The art of negative space

No! I am not dead! Just writing. And at the moment trying to find a way to discuss cognitive leaps through the idea of negative space.

For those who don’t know what that means, I found this post, too good not to share - The art of negative space: 15 amazing examples.

Enjoy!

And I will post soon, promise.

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7 Responses to The art of negative space

  1. JTV says:

    Hi Lisa
    You talking here about `mu’?
    ie: https://en.wikipedia.org/wiki/Mu_(negative)
    If so – I also once did a comic vaguely related to all this…
    http://dog-tailes.blogspot.com.au/2012/04/satori-dog-wiener-dog.html
    Cheers
    JT
    PS – Just curious – Why do you have the cover of `The Body Artist’ here?
    (I love DeLillo’s work, BTW… but have not read that one… I love `White Noise’ and a few others of his…)

    • I wasn’t talking about ‘mu’ but thanks for the link – interesting stuff.

      Also, like the dog and the comments there, it is interesting how we make meaning even when we are purposely trying not to.

      And the DeLillo cover is just a pretty example of one pic in the negative space of the other – it has nothing to do with the book, which I haven’t got round to reading.

      Thanks
      Lisa

      • JTV says:

        Aha! Gotcha. Thanks Lisa.

      • JTV says:

        Ah… (sound of penny dropping) and I now actually looked closely at the DeLillo cover image and see what you mean.
        ie Gestalt switches. Same as the vase/faces, the rabbit/duck and the Necker cube, etc. Interesting!

      • JTV says:

        And now, I finally actually clicked the link above: http://www.creativebloq.com/art/art-negative-space-8133765 and am more or less, totally up to speed. LOL.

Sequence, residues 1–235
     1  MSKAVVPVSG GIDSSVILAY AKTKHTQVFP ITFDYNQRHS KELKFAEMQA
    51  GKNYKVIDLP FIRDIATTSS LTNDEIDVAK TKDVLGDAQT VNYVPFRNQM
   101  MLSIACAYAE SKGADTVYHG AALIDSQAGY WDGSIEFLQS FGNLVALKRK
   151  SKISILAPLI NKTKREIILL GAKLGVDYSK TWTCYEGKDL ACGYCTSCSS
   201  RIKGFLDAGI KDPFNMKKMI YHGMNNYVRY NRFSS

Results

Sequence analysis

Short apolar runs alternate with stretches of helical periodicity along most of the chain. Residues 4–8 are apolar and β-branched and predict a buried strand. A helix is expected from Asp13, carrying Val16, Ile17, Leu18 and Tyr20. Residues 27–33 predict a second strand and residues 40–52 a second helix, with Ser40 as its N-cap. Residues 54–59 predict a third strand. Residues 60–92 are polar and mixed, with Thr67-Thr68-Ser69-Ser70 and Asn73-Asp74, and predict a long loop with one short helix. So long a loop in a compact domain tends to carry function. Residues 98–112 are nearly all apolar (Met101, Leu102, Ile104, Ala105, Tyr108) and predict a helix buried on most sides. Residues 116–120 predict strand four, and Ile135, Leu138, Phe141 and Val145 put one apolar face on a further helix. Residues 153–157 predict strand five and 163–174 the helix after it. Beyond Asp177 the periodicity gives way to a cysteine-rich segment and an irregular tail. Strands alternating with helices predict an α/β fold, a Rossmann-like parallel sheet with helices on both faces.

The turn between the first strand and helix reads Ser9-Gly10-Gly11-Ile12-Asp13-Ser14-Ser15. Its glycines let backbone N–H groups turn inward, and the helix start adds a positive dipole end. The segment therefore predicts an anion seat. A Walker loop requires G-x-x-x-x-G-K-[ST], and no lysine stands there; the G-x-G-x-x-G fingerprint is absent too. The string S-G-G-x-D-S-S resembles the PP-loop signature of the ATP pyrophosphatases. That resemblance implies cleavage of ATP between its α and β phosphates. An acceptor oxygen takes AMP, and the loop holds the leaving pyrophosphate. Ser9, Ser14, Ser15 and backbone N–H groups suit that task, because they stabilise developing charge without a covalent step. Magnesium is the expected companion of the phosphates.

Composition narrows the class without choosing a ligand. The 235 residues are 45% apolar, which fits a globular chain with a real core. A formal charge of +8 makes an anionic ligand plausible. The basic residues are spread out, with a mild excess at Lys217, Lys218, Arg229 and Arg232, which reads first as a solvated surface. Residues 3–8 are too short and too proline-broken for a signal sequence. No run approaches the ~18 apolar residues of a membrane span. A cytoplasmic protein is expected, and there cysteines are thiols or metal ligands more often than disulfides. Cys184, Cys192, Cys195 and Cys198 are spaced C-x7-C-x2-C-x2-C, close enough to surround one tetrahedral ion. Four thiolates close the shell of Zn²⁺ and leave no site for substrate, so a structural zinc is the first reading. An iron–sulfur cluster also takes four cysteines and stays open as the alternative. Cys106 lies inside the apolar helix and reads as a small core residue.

Sorry if you knew this already – you might find Kuhn’s `Structure of Scientific Revolutions’ (1962) interesting re: gestalt switches. eg: from Chalmers “What Is This Thing Called Science?” (2000)
        `Kuhn likens scientific revolutions to gestalt switches, to religious conversions and political revolutions. Kuhn uses these comparisons to stress the extent to which the change of allegiance on the part of a scientist from one paradigm to another cannot be brought about by rational argument appealing to generally accepted criteria.’ (Chalmers 2000: 123)
        and
        `The way scientists view a particular aspect of the world will be guided by a paradigm on which they are working. Kuhn argues that there is a sense in which proponents of rival paradigms are “living in different worlds”… The change of allegiance on the part of individual scientists from one paradigm to an incompatible alternative is likened by Kuhn to a “gestalt switch” or a “religious conversion”. ’ (Chalmers 2000: 114-5)
        Cheers
        JT

  2. I highly recommend ‘In Praise of Shadows’ by Jun’ichiro Tanizaki (if you haven’t yet read it) for an interesting Japanese-cultural perspective on emptiness and negative space. It’s quite a beautiful read too. I eagerly await your next post! :)

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